There are so many different reasons people go to the gym and there are so many different levels of fitness or strength or knowledge.
It’s OK to be different. It’s OK to want to train for a different reason than your friend or training partner. We all follow different programmes and all have different goals.
What we fail to remember sometimes is that not everyone is super strong or super fast or super lean and that it’s OK to differ.
There are a lot of benefits to training with a partner or group. There are often people you look up to at the gym and admire for their speed or strength, your goals might be to lift as much as them or run as far or fast as them.
But you’re not quite there yet and that’s OK.
Take your time. Don’t rush this. This is your path, your journey, your fitness. Do it your way.
It’s really great when you make friends at the gym and find someone who encourages and inspires you. They make you want to be better, try harder or lift heavier. These people may be a similar fitness or strength level to you and you can work together sharing the same weights, however, these people may be a lot stronger than you or a lot more conditioned in their discipline and so the weights you each use will probably differ and that’s OK.
One major fault people can make when they get a new gym buddy is they try and match their level; this can have serious consequences often leading to injury.
Work at your own level, every exercise is scalable whether you need to progress or maybe regress it. There’s no shame in not lifting as much as your friends, always remember that they had to start at the beginning too. There’s no cheating when it comes to weights, you can either lift it or you can’t. You can’t fake it and you’re not helping yourself if you try.
Everyone who ever started to lift had a starting weight; this was personal to them. They then had to train to increase their weights; at a rate that was personal to them. They are hitting a certain number of reps, or a certain weight; this is a goal personal to them. The training might be a team effort but the results are individual.
Unfortunately gym goers often forget the basics when they feel the need to compete against their friends, they forget proper form, proper technique and even proper gym etiquette.
A true gym partner who cares about your training and well-being would not encourage such competition; only encourage your own personal challenges.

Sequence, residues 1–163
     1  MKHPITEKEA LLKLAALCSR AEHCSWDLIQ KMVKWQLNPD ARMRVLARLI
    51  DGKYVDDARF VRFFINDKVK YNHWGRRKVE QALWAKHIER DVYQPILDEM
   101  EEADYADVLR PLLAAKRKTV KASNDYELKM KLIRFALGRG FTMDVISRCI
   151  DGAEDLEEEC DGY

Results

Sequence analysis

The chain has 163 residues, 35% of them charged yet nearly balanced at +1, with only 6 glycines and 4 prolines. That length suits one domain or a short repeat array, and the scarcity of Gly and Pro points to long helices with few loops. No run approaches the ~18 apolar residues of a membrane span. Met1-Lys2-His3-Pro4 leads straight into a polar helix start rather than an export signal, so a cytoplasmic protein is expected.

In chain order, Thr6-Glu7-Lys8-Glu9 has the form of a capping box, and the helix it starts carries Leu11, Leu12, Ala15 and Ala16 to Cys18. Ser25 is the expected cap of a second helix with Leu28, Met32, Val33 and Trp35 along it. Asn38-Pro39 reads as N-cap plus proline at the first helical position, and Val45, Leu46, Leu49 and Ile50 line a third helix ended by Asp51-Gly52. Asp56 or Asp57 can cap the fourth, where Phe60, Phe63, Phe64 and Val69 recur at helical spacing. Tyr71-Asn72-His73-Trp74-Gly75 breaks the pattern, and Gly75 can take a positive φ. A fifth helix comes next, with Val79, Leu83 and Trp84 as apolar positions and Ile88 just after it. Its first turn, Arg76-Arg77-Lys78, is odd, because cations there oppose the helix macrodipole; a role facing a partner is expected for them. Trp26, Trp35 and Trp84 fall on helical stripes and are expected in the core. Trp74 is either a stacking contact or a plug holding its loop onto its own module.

You do not need to be the same size, weight, height or age as your mates, so why do you feel so compelled to lift the same as them?
You’re built differently, you’ve been training for different lengths of time, you’re
focused on different goals; not everything about your training is the same so why should the weights be?
When you’re all following the same programme during a session and the gym is busy, you may share squat racks, barbells or deadlift platforms, it’s OK to change the weight on the bar for each individual person.
Real training buddies help each other out; they spot each other and make sure everyone is challenging themselves at their own personal levels.
You may not be at the same level as them and that’s OK. You’ll reach the level that You want when You are ready.
Don’t ever let someone rush you to increase your weights or get your reps out quickly just so they don’t have to keep swapping the weight or they can have their turn again. It’s not up to them, they don’t know exactly how your body feels or what you are capable of.
Remember also not to stay in your comfort zone and never try harder, your mates are there to help and support you. They will be there to spot you, to push you and make sure you’re lifting safely; they’re also there to catch you, to give you that little bit help on that last rep and to correct you on your form.
If you try and increase the weights too quickly your form may suffer. There is no shame in taking the weight back down again to make sure you’re safe and at no risk of injury. Who honestly cares what the weight is anyway, a PB is a PB, a goal achieved is still a goal achieved regardless of what it was, they are reasons to celebrate and it’s even better when you can do this with your friends.
Just think, if it was the other way around would you be rushing your training partner, would you be encouraging them to lift more even though their form was slipping or their range wasn’t nearly as good as it was. Or would you be telling them that it’s OK to drop the weight again and take a step back for a second?
If you’re not quite there yet, that’s OK.